It is no secret that social media influencers have become important figures in our communities. With sometimes millions of eyes on their daily posts, influencers have the power to push trends, create change, and strengthen brands. Utilising influencers as a marketing tool has become an established and effective form of online marketing. Like so many things in the last year, the consumer relationship with the influencer has been reshaped since the global pandemic. As more influencers addressed social justice and political issues in 2020 on their platforms, the expectations of authenticity and honesty have grown between influencer and audience.
What Is an Influencer?
The title of influencer is sometimes ambiguous and often confused or lumped into the title of celebrity, though there are distinctions between the two. Often an influencer isn’t considered famous or even recognisable offline to most people. Their audience might adore them, but they aren’t a household name or recognised outside of their community. Some influencers push themselves to stardom by moving off social media platforms and into other sectors where their large audience follows. However, not every influencer is a celebrity and vice versa. Influencers are defined by their online presence and their ability to affect consumers’ purchasing decisions. That power comes directly from their relationship and bond with their audience. Often an influencer works within a niche community where the products they endorse would be attractive to their specific viewers. Any brand that chooses to work with an influencer is relying on the trust their audience has in them. An influencer’s endorsement works because their followers value their opinion.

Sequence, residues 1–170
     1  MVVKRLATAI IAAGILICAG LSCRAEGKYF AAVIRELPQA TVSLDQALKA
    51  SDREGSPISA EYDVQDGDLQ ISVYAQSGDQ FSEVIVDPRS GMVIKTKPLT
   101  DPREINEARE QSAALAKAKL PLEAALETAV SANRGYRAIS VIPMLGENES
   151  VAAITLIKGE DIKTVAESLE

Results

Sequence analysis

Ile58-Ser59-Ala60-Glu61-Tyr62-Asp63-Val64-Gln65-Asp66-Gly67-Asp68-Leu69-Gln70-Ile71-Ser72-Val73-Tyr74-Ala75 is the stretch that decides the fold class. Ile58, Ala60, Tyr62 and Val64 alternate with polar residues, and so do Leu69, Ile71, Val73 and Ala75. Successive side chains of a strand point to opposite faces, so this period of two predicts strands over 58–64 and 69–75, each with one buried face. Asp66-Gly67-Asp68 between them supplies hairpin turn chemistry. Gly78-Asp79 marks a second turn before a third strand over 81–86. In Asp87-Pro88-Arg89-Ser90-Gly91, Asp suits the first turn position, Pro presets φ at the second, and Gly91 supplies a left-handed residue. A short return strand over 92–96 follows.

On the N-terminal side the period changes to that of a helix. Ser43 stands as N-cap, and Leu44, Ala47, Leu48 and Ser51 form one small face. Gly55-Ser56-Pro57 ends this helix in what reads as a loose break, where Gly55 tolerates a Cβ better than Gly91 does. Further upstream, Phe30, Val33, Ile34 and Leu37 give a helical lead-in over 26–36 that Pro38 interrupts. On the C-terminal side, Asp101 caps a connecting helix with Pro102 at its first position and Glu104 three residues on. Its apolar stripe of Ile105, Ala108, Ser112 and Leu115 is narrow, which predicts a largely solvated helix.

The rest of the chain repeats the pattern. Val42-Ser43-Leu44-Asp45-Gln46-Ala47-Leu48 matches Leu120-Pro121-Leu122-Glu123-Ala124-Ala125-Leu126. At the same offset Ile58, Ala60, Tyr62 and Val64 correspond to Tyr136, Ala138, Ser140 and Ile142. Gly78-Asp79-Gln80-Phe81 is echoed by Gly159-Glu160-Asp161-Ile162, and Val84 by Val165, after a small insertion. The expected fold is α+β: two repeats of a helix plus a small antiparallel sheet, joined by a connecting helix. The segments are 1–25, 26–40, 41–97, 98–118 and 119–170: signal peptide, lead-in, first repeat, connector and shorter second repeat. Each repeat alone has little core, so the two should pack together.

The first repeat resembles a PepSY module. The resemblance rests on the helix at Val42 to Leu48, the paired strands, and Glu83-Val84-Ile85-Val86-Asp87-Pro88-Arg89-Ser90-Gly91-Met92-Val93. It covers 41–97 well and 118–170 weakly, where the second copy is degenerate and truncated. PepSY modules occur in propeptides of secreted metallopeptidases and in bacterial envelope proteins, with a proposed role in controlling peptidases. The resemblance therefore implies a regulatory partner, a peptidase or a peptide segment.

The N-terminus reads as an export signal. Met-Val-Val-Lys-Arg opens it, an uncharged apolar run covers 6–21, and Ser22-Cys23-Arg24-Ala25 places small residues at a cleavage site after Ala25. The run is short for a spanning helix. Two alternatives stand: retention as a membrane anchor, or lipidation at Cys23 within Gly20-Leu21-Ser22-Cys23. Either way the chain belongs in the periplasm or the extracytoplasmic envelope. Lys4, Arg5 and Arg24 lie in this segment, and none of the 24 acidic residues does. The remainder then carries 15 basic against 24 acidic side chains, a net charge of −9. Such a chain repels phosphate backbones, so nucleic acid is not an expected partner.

Why Is Influencer Marketing Effective?
In some ways, an influencer’s endorsement feels more like a close friend sharing a product they love than a paid advertisement. It is much more casual and it doesn’t have to follow the same rules or restrictions. A consumer might see an ad for a particular product pop up occasionally and recognise it. However when a figure they trust tells them they have utilised that product and they prefer it, the odds of that consumer being interested has increased a tremendous amount. Consumers are bombarded by buying options and prefer to encounter someone that has already tried a product than testing it out themselves blindly.
An Influencers Approach to Heavy Topics in 2020
The amount of followers an influencer has doesn’t hold as much power as the strength of the relationship they have built with those followers. In 2020 many content creators tested their audiences by opening up about what issues were important to them and where they fall on divisive topics. Rather than pushing followers away with their strong opinions, that level of authenticity strengthened the relationship influencers have with their audience. The positive reaction was evidence that followers are invested in who influencers are as people.
This honest approach has also changed the way businesses choose influencers to work with. Beyond obvious demographics, an influencer’s personal beliefs and things they’re passionate about should also align with the brand they are endorsing.
Written by Alan Jones.